The official justification for the Government’s unquestioning support for the arms trade is that it is vital to safeguard “national security”. CAAT’s Arms to Renewables campaign argues that we must shift priorities to tackle the root causes of insecurity.
What is security?
For individuals in the UK and all over the world, security means having basic needs met and feeling safe in our homes and communities.
In contrast, the Government views security almost exclusively through a military lens. Its National Security Strategy is based on military force and the projection of power. Continue reading “A New Vision of Security”
In this blog anti arms trade writer and campaigner Nicholas Gilby, author of Deception in High Places – A History of Bribery In Britain’s Arms Trade, analyses misconceptions about the arms trade treaty.
The Arms Trade Treaty came into force on 24 December 2014. At the time of writing the Treaty has been signed by 131 states and ratified by 61. I want to try and clear up some misconceptions about the Treaty that have been aired in the commentaries surrounding its the entry into force.
Will the Arms Trade Treaty prohibit the sale of arms which might be used to violate human rights?
The short answer is no.
The Arms Trade Treaty sets out criteria for when arms exports should be prohibited (Article 6) and the criteria which should be used when deciding whether other arms exports should be permitted (Article 7).
From Israel to Hong Kong, the arms export controls system is broken.
The UK’s arms export policy rarely comes under as much scrutiny as it did this summer. As Israel launched its devastating attacks on Gaza which were to leave more than 2,000 dead, over 500 of them children, the UK’s arms sales and military collaboration with Israel were challenged from all sides.
Last month Philip Hammond, the defence secretary, pronounced on Russia’s support for separatists in Ukraine: “They have been supplying them, they have been supporting them… They cannot deny their responsibility for the acts that these people are carrying out.”
He is right, but the same could be said of the UK’s support for Israel in the bombardment of Gaza.
Since 2010 the UK government has licensed £42 million worth of military equipment to Israel, including targeting systems and drone components. Even the UK government’s own review found 12 licences for components that may well have been used in the bombardment of Gaza.
The government’s response to its own review was shocking. It said it would suspend the licences only if ‘significant’ hostilities resumed. Yet even when Israel renewed its attacks on Gaza, with a further seven days of conflict, it did not do so. Continue reading “UK must stop arming Israel”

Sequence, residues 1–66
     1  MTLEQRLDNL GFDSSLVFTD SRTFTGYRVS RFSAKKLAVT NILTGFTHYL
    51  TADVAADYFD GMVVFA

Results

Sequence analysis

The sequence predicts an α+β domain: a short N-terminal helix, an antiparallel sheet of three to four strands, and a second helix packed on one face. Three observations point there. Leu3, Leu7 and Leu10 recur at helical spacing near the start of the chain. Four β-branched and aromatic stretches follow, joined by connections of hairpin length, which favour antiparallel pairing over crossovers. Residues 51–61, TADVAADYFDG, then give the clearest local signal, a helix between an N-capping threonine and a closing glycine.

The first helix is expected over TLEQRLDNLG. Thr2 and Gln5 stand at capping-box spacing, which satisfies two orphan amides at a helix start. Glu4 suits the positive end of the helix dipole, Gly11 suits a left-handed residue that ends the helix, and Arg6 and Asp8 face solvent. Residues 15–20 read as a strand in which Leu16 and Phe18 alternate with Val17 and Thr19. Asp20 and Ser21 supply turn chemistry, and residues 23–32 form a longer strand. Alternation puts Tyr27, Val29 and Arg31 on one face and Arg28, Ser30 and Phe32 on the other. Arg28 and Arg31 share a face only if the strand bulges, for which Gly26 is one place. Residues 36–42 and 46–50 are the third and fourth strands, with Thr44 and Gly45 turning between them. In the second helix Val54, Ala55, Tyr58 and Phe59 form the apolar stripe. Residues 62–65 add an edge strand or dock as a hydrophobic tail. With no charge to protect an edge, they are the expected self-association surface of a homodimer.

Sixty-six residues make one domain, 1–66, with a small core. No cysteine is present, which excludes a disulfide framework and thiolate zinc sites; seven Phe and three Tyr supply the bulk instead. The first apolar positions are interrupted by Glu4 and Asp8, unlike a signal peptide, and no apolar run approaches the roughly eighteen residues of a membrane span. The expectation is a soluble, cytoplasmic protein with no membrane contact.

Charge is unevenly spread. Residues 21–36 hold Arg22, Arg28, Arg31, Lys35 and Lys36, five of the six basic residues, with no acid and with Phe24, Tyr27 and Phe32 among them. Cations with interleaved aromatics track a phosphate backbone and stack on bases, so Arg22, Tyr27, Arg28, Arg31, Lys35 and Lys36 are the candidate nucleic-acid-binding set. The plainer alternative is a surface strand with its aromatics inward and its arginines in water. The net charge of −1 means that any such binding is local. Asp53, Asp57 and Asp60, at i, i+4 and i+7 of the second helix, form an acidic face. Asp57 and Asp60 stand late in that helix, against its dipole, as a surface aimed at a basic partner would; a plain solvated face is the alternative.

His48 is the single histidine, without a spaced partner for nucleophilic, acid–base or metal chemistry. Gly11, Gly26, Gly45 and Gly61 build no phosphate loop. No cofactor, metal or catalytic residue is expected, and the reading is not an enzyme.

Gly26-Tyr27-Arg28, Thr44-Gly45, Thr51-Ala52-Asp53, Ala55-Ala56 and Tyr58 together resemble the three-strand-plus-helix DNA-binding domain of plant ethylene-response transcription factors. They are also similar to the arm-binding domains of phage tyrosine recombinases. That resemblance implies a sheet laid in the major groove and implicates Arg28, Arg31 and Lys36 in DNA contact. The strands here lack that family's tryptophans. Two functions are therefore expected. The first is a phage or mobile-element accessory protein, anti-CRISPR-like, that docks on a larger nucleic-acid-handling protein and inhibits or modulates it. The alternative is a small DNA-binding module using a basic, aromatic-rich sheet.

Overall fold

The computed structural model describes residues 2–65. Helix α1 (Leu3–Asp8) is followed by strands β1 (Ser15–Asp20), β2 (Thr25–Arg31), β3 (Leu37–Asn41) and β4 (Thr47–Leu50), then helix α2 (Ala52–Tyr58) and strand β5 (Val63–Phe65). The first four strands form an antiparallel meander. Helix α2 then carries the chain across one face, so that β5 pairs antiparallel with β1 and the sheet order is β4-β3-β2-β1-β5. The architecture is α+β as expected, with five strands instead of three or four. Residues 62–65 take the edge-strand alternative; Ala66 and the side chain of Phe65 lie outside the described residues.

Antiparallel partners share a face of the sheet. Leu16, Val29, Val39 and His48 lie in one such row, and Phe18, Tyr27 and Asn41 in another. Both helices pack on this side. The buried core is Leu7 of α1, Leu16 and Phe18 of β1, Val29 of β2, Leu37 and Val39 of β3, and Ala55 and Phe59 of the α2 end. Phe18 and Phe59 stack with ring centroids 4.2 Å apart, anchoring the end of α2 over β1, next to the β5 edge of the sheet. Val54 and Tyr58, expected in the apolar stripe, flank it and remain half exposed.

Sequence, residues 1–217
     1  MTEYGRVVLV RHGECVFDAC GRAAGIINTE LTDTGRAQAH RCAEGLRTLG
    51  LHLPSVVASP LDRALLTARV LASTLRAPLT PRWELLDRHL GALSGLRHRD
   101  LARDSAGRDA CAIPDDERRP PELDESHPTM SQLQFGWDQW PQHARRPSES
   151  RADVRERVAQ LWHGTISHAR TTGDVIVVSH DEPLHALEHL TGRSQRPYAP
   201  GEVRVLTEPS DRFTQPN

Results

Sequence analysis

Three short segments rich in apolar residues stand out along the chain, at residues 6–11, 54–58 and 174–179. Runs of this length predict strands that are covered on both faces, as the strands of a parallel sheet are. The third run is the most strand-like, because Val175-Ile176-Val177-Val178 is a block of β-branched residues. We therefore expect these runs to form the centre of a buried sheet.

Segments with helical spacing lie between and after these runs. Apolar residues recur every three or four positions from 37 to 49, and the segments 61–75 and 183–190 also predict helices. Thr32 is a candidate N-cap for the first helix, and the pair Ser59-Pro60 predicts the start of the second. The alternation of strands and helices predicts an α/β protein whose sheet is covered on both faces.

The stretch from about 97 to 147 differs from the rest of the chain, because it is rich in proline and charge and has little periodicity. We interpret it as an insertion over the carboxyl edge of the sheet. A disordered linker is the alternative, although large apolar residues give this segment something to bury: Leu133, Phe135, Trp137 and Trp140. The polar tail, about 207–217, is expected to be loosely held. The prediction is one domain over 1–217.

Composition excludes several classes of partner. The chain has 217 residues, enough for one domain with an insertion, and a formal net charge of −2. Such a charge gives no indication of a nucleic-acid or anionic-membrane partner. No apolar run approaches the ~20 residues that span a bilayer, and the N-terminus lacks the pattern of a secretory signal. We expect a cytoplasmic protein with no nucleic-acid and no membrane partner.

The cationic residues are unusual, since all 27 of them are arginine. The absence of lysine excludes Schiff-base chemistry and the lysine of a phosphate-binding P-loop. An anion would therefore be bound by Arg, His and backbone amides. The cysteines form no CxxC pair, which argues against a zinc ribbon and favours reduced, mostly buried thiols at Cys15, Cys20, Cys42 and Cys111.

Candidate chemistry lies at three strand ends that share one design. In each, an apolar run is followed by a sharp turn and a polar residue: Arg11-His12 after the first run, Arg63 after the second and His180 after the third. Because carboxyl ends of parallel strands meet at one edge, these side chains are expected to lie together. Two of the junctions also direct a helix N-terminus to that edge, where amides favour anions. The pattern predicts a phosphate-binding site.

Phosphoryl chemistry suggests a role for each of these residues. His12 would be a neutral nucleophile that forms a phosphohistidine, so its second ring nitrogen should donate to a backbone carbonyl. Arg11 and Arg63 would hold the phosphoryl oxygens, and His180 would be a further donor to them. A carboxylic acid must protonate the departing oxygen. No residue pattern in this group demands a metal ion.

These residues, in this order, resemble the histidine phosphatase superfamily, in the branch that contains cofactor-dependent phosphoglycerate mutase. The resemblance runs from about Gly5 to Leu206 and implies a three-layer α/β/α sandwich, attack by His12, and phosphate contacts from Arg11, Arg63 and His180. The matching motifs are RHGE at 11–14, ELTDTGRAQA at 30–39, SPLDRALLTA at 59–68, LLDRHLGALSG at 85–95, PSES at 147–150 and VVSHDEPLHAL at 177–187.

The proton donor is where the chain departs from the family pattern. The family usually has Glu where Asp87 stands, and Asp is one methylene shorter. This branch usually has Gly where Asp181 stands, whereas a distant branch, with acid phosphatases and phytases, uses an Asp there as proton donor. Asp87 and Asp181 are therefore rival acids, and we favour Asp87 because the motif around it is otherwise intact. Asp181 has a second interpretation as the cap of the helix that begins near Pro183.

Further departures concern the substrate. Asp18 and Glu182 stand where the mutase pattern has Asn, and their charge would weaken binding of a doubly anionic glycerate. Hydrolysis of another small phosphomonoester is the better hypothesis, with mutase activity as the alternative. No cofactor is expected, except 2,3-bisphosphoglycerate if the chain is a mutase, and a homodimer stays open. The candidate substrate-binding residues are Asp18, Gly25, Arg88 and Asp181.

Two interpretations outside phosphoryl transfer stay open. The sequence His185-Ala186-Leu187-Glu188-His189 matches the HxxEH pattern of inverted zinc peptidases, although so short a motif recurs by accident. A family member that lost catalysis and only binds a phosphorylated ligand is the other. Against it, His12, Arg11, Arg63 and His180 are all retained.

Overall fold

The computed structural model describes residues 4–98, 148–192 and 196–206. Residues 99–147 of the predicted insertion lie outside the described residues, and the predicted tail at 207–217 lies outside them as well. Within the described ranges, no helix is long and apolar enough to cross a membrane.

It was a surreal sight to see Foreign Secretary William Hague posing with Hollywood’s most famous couple, Brad Pitt and Angelina Jolie at the recent high profile Global Summit to End Sexual Violence in Conflict.
Responding to media accusations that he was “hobnobbing” and “starstruck”, Hague defended the importance of his role at the summit, telling Radio 4 listeners that “this is about conflict prevention.”
So let’s take a look at Hague’s record on conflict prevention.
In the past the authorities in the United States have been much more successful in prosecuting foreign bribery by their companies than the authorities in Britain.
The Organisation for Economic Co-operation and Development’s latest report on steps taken to implement and enforce the OECD Anti-Bribery Convention in the United Kingdom is far more scanty than that for the United States (even after allowing for the fact the economy of the United States is much bigger than the UK’s). Further, since the Bribery Act 2010 came into force in the UK almost three years ago, there has been no conviction of anyone for foreign bribery under the Act. And last year, in 2013, there was only one conviction of someone for foreign bribery under the previous legislation. So how can the UK improve its record, and what should those wishing to see this happen do?
We are writing with respect to the National Security Strategy (NSS) review and the Defence and Security Review (DSR), both of which are scheduled to be published following the 2015 General Election. We do so in light of the report of the House of Commons Defence Select Committee (DC), Towards the Next Defence and Security Review, (HC 197), published on 7 January, to which several of us submitted evidence, and the Government’s response, published on 26 March. We understand that the recommendations of this report will be the subject of a parliamentary debate in the coming months.
We urge you to ensure that the NSS and DSR processes help to shape the UK’s strategy in the world in a coherent manner. In summary, we believe:
At this time of flux, there is a need to address some fundamental questions that have been neglected in the past, in particular the importance of addressing the root causes of conflict and threats to security.
There is a need to be honest about the UK’s capability to contribute to tackling security challenges, and the Government needs to be prepared to change its approach, not simply focusing on dealing with the symptoms of insecurity.
This discussion needs to be frank, inclusive and (as far as possible) take place in the public realm.
The DSR needs to sit clearly and transparently within the NSS, with its decisions justified by reference to the NSS.
It was billed as the “auction of dreams”- but Liberal Democrats arriving for their spring fundraiser in Twickenham were met by protesters with placards, Vince Cable masks and some uncomfortable truths.
With Baroness Shirley Williams attending as the after dinner speaker and guests including Greg Dyke, Lord Oakshott and Geoff Pope it must have been embarrassing for Vince Cable to have his track record of support for the arms industry laid bare.